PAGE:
But once Meryl does regain consciousness, she makes up for lost time by indulging in flings with first Clint, then Joan (who promises to teach her about the birds and the birds) before moving on to the voluble, if deeply sexually repressed, Henry. As she slowly unzips his trousers, she asks him if he minds. He responds that he has “the gravest doubts on the subject, by I intend to crush them”. This, like many of his other utterances, derives from one of his favourite films.

Although Self Catering is played as a comedy, it’s sometimes a rather dark one. Both Clint and Marilyn venture, at different times, into the wrecked cockpit. Moving their way through the dead bodies, Marilyn (to the strains of Elvis Costello’s I Can’t Stand Up For Falling Down) amuses herself by taking a selfie, whilst Clint is more interested in the contents of a ladies blouse.

Clint’s later madness (he elects to wall himself off from the others) and Henry’s bizarre dreams are some of the later highlights. Lacking a straightforward narrative, Self Catering is more of a collection of character set-pieces with an open-ended conclusion. This isn’t really a problem though – since the cast are firing on all comic cylinders it’s another DVD from the series which is well worth your time.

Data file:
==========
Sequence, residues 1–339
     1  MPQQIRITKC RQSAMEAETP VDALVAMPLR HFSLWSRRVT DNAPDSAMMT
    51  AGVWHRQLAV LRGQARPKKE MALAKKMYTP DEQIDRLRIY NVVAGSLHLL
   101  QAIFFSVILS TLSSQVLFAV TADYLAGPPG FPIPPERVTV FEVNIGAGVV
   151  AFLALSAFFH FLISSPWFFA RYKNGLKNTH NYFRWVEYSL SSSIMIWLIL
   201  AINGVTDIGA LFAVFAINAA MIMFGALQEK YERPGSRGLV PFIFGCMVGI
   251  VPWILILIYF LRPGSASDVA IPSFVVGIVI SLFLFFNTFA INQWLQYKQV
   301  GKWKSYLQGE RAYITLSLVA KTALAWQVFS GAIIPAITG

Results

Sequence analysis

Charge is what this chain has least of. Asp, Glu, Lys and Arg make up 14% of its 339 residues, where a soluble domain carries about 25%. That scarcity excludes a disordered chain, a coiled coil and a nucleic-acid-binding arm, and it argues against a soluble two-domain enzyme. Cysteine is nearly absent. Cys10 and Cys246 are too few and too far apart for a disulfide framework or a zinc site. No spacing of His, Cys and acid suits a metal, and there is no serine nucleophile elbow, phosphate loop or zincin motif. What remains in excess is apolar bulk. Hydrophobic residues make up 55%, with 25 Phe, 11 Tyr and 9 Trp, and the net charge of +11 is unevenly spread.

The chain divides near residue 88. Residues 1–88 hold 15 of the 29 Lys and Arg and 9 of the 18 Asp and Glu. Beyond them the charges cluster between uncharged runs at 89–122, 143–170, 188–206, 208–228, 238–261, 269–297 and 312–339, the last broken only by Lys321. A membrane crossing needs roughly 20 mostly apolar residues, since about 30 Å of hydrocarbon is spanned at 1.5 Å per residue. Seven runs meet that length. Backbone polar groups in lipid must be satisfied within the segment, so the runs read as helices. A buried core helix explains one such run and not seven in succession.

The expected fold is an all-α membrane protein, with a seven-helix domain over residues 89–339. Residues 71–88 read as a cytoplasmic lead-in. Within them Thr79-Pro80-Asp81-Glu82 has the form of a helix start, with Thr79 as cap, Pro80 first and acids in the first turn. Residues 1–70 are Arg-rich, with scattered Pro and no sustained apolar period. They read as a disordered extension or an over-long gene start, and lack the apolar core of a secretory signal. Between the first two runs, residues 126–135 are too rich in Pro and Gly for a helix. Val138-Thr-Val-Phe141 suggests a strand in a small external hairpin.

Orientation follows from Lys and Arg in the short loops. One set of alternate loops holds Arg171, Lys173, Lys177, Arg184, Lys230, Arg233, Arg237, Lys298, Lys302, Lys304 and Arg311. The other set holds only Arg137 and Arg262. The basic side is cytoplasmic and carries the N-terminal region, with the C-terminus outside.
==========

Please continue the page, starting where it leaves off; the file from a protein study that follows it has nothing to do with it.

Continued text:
Alan Bleasdale Presents: Self Catering is released by Simply Media on the 4th of June 2018, RRP £14.99. It can be ordered directly from Simply here (quoting ARCHIVE10 will apply a 10% discount).

Alan Bleasdale Presents Requiem Apache